There are no current vacancies.
Release has a proud history of offering volunteer and internship opportunities where we work with you in developing your ideas and skills. So, if you think you would like to explore the availability of volunteering or interning with us then contact the relevant person below. Remember we do not 'shoe horn' you into a role; we work with you to develop yourself.
Release is committed to the fair treatment of its employees and potential employees and as such, applicants, and members of staff with either a spent, or unspent conviction will not be unfairly discriminated against. However, due to the sensitive nature of some of Release's work, those working alongside vulnerable adults and/or young people may be required to undertake a DBS check.
Legal volunteers: A good way to gain experience prior to entering the job market. Applicants need to have successfully completed at least the first year and criminal law module of a UK law degree (or the Graduate Diploma in Law) and have a strong interest in criminal law and human rights. Volunteers carry out a variety of activities including assisting the legal team with casework and advising on our helpline following training. Please email Kirstie Douse with your CV and a covering letter to be considered for this position.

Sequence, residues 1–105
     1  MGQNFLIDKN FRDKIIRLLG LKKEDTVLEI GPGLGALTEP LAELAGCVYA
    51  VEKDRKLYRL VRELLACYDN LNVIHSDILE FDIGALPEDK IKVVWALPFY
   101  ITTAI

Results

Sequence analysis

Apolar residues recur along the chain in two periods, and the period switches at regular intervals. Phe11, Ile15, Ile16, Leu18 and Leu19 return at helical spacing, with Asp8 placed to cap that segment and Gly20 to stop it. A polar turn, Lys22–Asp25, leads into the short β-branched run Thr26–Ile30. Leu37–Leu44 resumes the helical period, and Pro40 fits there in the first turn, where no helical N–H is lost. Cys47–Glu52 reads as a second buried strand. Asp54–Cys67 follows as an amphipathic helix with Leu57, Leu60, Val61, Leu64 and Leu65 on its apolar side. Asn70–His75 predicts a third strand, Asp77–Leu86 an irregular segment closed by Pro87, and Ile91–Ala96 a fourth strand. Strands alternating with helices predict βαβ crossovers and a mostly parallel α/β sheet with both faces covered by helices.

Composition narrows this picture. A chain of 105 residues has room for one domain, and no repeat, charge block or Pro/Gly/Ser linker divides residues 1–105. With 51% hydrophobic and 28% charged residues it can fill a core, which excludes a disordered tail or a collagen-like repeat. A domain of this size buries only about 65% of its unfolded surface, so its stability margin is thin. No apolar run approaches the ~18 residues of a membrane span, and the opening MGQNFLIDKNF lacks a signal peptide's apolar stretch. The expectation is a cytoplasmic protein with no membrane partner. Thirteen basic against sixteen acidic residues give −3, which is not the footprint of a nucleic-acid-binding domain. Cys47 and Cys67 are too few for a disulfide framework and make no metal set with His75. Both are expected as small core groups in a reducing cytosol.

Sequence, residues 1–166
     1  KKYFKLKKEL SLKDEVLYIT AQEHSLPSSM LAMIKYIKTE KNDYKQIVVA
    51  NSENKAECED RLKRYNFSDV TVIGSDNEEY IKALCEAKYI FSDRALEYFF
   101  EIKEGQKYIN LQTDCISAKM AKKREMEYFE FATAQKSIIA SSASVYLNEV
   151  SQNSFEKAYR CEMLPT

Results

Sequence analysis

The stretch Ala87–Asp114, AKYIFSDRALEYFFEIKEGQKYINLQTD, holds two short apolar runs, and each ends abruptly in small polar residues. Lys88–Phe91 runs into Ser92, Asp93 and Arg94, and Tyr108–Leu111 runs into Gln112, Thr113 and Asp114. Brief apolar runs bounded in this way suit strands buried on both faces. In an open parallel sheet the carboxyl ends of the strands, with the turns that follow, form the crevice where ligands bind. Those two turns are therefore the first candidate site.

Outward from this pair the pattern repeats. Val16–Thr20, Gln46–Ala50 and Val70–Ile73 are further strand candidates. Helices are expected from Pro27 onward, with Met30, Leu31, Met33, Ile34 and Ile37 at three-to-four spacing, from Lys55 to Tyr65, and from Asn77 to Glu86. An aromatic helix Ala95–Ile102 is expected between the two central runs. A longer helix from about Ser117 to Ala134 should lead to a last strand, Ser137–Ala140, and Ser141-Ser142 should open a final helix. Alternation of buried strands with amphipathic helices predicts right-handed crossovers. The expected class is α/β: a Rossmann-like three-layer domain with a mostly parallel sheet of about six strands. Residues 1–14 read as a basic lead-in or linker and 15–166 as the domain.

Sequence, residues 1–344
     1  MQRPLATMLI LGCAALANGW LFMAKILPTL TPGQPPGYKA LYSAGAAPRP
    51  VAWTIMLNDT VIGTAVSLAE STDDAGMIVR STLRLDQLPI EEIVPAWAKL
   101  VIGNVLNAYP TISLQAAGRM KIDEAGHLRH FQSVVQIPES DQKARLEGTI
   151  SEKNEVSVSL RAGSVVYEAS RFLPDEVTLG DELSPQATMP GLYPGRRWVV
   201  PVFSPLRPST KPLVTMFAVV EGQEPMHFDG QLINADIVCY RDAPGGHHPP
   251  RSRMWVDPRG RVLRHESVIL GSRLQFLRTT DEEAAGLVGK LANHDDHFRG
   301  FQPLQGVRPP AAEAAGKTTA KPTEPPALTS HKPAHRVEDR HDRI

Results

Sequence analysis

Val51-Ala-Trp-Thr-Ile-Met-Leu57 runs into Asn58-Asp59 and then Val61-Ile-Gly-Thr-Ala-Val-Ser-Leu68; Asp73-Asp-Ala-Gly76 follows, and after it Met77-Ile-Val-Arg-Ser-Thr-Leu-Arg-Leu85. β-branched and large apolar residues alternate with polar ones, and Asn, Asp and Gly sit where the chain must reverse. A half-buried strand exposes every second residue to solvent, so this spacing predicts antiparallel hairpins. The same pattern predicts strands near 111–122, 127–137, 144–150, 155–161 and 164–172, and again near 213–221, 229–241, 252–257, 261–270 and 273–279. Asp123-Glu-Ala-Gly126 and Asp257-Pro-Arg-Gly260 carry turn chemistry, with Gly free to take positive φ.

Communications volunteers: If you are passionate about the issues Release campaigns on, enjoy writing, and have an interest in social media then you might want to consider this role. This will primarily involve working on Release's innovative multilingual project TalkingDrugs. In the first instance email Avinash Tharoor with a brief email and a CV.
Drugs team volunteers: The drugs team take volunteers from a range of disciplines, if you have an interest in and some knowledge of issues related to illicit drug use, and would like to be involved in operating the Release drugs helpline then this is the role for you. Please email Gary Sutton with a CV and a covering letter.
Research volunteers: Release periodically takes on volunteers to assist with primary research. Previous research topics have included institutional responses to student drug use, take-home naloxone provision, ethnic disparities in drug policing and prosecutions, and decriminalisation across the globe. Applicants typically have a strong interest drug policy and an understanding of quantitative and/or qualitative research methods. Please email Zoe Carre with your CV and a covering letter.